Psychedelics have already made an enormous impact on culture. Their influence in art, science and technology has been an open secret for decades. The difference between now and, say, the 80’s and 90’s, is that the positive news greatly outweighs the negative. Negative propaganda about psychedelics these days is almost hard to come by. Many have worked tirelessly and on a purely volunteer basis for decades to bring us to this point where they have been normalized and destigmatized as much as they have. Positive data from top academic institutions is simply too hard to ignore, especially in the age of social media, and cannabis legalization has further paved the way in changing perceptions around substances that, according to their FDA statuses, have “no medical value”.
As far as culture is concerned, my hope is that the exponential increases in interest and access to these substances will make for a more compassionate, ethical and eco-friendly world; at the same time, psychedelics are not panaceas for making stable, rationale and mentally healthy human beings, and have plenty bad spokespeople! We must work to minimize the risks and maximize the benefits of these medicines. What we don’t want is the enthusiasm for the potential of psychedelic medicine to blind us to the challenges ahead. Acknowledging the risks and challenges of psychedelics from this early outset preempts the inevitable backlashes that will arise with adverse events in the future.
In terms of their impact on healthcare, psychedelic medicines hold tremendous promise for addressing the serious unmet needs of millions of people suffering from treatment resistant disorders. The emergence of psychedelics in healthcare is also converging with a revolution in digital health technologies, artificial intelligence and data analytics, and precision medicine. I think the model of psychedelic therapy may also point to a paradigm shift in terms of how we address illness, away from symptoms management toward addressing underlying causes which are psychophysical in nature.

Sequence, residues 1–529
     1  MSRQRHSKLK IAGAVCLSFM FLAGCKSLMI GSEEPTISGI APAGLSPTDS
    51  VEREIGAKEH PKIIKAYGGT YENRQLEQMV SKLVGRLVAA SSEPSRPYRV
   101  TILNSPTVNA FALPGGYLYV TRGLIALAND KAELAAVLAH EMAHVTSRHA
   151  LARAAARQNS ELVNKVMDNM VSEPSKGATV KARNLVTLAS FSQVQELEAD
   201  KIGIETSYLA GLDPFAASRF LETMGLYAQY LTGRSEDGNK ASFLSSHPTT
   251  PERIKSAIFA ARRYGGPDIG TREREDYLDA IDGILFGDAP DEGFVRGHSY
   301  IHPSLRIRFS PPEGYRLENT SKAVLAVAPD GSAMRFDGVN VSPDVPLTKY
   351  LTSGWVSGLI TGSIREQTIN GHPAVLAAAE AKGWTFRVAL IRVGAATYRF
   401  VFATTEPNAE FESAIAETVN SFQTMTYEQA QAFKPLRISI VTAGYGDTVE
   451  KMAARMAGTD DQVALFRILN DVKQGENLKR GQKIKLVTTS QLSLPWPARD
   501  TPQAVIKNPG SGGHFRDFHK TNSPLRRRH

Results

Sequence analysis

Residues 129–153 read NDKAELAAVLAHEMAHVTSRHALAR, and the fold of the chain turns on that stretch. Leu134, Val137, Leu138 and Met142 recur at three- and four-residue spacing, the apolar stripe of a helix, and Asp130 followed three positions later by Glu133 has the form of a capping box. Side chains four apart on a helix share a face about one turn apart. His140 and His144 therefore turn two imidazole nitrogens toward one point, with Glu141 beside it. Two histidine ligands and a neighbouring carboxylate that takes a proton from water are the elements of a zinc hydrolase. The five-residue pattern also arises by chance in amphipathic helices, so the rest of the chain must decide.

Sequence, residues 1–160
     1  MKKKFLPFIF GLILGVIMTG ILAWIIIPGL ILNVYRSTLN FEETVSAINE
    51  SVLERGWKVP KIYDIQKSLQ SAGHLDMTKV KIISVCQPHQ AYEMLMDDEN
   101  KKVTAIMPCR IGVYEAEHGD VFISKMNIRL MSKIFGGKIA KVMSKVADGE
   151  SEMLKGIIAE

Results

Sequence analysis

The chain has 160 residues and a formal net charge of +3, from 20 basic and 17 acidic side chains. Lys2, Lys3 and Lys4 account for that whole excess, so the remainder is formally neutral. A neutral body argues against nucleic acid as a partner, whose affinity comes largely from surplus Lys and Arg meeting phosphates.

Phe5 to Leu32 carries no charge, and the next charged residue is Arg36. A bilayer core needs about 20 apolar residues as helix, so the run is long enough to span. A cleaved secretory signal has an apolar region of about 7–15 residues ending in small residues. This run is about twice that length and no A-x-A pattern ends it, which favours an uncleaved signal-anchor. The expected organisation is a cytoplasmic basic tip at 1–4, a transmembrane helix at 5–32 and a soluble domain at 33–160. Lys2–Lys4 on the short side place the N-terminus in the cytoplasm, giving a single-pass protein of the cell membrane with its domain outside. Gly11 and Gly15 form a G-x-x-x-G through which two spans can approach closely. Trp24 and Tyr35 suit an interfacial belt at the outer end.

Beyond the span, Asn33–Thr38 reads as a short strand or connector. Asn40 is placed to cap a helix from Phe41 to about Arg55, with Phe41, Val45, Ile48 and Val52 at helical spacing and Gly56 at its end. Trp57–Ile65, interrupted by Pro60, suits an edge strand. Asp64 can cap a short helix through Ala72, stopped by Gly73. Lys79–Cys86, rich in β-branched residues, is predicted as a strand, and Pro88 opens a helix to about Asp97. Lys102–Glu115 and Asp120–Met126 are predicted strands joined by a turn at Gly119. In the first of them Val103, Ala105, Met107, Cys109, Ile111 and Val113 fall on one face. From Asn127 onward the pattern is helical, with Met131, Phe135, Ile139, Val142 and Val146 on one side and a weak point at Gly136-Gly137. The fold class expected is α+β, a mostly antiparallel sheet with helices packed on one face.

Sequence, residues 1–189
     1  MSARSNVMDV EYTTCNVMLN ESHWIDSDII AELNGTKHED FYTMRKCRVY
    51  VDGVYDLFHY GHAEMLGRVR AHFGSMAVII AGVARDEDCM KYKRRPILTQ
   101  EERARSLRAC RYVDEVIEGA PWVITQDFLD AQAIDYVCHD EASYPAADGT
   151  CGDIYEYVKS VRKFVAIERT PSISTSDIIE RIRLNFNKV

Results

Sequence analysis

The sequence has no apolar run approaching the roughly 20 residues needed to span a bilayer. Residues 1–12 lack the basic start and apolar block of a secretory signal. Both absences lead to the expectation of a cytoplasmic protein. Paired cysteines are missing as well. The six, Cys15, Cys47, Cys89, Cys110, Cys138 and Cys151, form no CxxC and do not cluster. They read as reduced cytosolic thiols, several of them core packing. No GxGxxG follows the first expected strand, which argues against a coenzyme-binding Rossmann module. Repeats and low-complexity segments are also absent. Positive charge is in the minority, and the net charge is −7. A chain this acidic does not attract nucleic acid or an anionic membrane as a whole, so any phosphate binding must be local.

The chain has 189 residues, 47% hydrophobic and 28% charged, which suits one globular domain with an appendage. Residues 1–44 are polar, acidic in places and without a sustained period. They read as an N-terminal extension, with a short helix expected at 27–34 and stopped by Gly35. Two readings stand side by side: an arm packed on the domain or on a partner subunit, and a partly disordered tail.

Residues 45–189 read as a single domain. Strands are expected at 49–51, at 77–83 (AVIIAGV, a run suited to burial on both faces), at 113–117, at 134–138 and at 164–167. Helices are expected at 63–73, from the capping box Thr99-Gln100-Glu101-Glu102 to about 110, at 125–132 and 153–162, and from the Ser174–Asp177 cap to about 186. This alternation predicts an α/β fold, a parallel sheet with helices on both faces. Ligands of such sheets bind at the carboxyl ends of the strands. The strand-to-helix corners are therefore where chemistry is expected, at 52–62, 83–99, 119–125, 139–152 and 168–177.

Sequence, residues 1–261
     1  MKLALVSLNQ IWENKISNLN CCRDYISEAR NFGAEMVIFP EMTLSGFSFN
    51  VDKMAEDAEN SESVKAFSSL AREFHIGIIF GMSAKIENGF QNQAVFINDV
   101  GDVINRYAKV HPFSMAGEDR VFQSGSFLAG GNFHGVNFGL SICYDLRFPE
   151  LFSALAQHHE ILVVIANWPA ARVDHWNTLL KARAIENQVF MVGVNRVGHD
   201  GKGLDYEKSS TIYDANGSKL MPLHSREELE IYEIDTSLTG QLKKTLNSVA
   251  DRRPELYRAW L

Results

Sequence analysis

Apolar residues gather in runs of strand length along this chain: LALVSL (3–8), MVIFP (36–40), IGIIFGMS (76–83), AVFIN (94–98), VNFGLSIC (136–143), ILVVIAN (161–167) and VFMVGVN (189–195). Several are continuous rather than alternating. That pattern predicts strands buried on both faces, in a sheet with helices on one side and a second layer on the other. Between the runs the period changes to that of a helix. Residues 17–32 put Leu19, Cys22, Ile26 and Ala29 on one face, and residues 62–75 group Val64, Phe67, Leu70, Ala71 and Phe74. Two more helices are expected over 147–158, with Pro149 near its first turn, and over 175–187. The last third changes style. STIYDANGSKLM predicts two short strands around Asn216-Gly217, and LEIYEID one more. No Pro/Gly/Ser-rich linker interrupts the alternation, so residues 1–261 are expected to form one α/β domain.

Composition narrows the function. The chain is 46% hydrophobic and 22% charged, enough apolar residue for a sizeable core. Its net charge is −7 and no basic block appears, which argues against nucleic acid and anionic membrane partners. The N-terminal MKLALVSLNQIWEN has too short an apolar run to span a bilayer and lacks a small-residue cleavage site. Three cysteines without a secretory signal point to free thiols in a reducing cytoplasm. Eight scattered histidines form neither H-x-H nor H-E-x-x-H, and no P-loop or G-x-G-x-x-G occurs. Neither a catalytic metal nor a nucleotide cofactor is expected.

From a science perspective, how did you choose to approach developing next generation psychedelics and what were some of the things you thought were essential to explore?
When designing any product intended for a given market, you want to find and solve problems. Some areas where psychedelics can be improved, from a pharmaceutical perspective, include how well they’re absorbed by the body, how stable they are, improved and predictable durations of action, and how they can better address indications than the competition.
How soon do you expect to be in clinical trials and what will they be focused around?
We are fast at work in addressing these questions. I’ll leave it to future press releases to answer them definitively, as that’s safer for everybody.
You have recently become a part of Cybin. Why were they the right company for Adelia and what unique advantages do you see Cybin having as a biotechnology company focused on psychedelic medicines?
From our very first meeting with Cybin’s president and co-founder Eric So, we’ve recognized him and Cybin at large as a kindred spirit. Cybin has the resources, receptivity and drive to complement and support our scientific endeavors and further innovation in the space. Together, Adelia and Cybin have distinct advantages of having decades of drug development and contributions to psychedelic science, and key insights into problems worth solving and solutions worth implementing.
Who is someone you think is doing important work in the world of psychedelics that more people should be aware of?
I’ll list three, because it’s too hard to choose one: Bryan Roth, Matthew Johnson and Robin Carhart-Harris. I predict Dr. Roth will win a Nobel Prize someday for his work on elucidating mechanisms of action of psychedelics. Matthew Johnson, of Johns Hopkins, is doing incredible work on the clinical psychology front and as a leader in terms of advocating for a truly scientific approach to the work, in contrast to some therapists who impose philosophical and spiritual beliefs on patients. Robin Carhart-Harris and team at Imperial College London are trailblazers in unlocking the neuroscience of psychedelics, and continue to build on seminal contributions they’ve made already to advance our understanding of the role of the default mode network in the psychedelic experience.